Sunday musings. October 12, 2014

Just returned from a beautiful 3-mile morning walk.  Sitting in my backyard reflecting on a hectic and productive week (HACU at Denver, then presenting with Janet Fulks our Renegade Scorecard to a packed room of community college colleagues from around the state at the RP Student Success Conference) and then a wonderful relaxing weekend.

Via Arte at the Market Place:

via arte from bmoa website

Via Arte Image from the Bakersfield Museum of Art website

Via Arte Serrano Tafoya Oct 12 2014

Via Arte space sponsored by Serrano and Tafoya

 

 

I checked out the Via Arte chalk art this morning and loved the color and variety, ranging from realistic scenes of nature, cartoon art, to the recreation of impressionist masterpieces and abstract art.

 

There were individual artists to individually sponsored artist like the 16-year-old artist sponsored by Sandra Serrano and Robert Tafoya to works sponsored by Bolthouse, Brighthouse and Chevron.

Next year, let’s get a section for our BC Art students.

 

 

 

Nick Strobel’s piece in the Saturday (10/11/2014) Californian:

Nick Strobel

Nick Strobel. Picture from the Californian’s website

I enjoyed Saturday morning reading Nick’s piece on Religion and Science in the Bakersfield Californian.  There are several points he made that inspired me, including this paragraph:

In Christianity we say that we all fall short and are in need of grace, so humility is definitely a virtue.  Whenever I hear some supposedly religious authority shout condemnations or some self-righteous speech, I see someone who is either hiding some secret of their own or has only a “head knowledge” of their religion and not any “heart knowledge.” If the outcome of your religious practice is not a more compassionate person, then you’ve missed the point.

I connected this with the articles that the management team selected for the yearlong “reading in community” activity.  The first piece was Dr. Martin Luther King’s letter from Birmingham jail.  The second was the commencement address given by David Foster Wallace.  This short 7-page piece is remarkably powerful.  Here is an excerpt:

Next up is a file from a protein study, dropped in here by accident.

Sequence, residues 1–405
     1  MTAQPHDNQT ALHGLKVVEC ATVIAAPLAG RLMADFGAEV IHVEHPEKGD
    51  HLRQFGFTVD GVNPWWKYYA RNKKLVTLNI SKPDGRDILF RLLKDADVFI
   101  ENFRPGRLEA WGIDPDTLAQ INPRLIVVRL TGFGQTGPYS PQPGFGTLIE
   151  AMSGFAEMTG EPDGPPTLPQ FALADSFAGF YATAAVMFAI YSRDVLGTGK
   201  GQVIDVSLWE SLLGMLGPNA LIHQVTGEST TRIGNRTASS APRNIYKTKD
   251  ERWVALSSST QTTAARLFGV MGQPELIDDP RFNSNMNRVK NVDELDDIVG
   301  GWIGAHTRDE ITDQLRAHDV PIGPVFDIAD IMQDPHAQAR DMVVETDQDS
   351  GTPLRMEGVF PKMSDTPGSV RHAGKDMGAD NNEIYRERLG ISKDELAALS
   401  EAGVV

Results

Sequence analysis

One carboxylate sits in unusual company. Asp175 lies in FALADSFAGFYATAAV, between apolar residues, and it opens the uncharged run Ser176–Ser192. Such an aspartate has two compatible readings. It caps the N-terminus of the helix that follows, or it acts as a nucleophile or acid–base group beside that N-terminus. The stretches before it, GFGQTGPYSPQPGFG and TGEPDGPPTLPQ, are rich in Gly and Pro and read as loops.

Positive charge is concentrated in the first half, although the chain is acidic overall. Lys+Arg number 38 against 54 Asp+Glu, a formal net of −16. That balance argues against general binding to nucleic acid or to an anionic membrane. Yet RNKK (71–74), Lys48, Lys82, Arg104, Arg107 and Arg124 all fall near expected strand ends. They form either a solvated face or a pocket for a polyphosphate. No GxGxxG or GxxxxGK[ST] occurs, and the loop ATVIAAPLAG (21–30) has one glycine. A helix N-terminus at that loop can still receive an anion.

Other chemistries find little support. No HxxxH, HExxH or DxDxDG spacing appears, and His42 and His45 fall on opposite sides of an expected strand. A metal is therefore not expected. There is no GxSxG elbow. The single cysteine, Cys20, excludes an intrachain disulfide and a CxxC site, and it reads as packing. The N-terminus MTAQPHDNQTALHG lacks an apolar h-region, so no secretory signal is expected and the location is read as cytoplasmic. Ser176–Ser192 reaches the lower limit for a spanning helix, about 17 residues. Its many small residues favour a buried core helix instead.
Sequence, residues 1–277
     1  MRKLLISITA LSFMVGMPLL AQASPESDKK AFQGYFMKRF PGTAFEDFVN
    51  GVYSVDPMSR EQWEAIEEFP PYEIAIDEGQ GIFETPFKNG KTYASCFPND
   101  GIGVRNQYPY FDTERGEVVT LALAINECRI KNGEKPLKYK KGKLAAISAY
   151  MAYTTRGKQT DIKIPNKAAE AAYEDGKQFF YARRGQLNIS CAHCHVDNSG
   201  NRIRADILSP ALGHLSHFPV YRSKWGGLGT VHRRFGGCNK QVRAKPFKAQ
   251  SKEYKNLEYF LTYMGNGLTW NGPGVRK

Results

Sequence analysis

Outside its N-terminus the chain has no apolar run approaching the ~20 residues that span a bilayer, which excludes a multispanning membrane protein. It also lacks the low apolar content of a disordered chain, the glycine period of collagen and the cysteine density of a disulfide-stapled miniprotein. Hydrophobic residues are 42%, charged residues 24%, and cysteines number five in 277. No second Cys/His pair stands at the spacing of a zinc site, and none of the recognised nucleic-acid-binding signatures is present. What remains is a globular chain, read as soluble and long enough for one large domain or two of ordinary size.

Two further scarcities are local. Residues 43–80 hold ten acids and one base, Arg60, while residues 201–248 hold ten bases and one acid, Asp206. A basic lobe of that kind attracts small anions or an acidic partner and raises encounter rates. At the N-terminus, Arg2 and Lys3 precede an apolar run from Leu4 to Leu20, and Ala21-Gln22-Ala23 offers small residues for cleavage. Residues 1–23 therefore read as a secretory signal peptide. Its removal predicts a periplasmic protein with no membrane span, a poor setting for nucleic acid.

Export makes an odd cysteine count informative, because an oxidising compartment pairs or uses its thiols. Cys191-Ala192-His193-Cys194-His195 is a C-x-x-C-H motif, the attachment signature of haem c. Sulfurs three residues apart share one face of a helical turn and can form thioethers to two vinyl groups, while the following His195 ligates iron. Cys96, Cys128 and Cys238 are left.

It is about the real value of a real education, which has almost nothing to do with
knowledge, and everything to do with simple awareness; awareness of what is so
real and essential, so hidden in plain sight all around us, all the time,….

This gaining of wisdom and compassion by moving from as Strobel calls it “head knowledge” to “heart knowledge”; moving from just as Wallace states “knowledge” to “simple awareness of what is so real and essential” is something I believe we should continue to explore together at BC. What might an intentional and shared understanding of these concepts look like?

You can find Nicks’s article on the website at:

http://www.bakersfieldcalifornian.com/lifestyle/local/x1020048714/NICK-STROBEL-Religion-and-science-complement-one-another

Reading Together wed group oct 2014

Wednesday Reading Group: Craig Rouse (Lead), Danell Ward, Sonya Christian, Amber Chiang, Paul Beckworth

 

You can find more information on the Management Reading in Community group at:

https://www.bakersfieldcollege.edu/employees/professional-development/reading-community

We meet approximately once a month.  I am in the Monday reading group, but because of a commitment in the community I joined the Wednesday reading group led by Craig Rouse.  Our October reading piece was the David Foster Wallace commencement speech that I referred to earlier.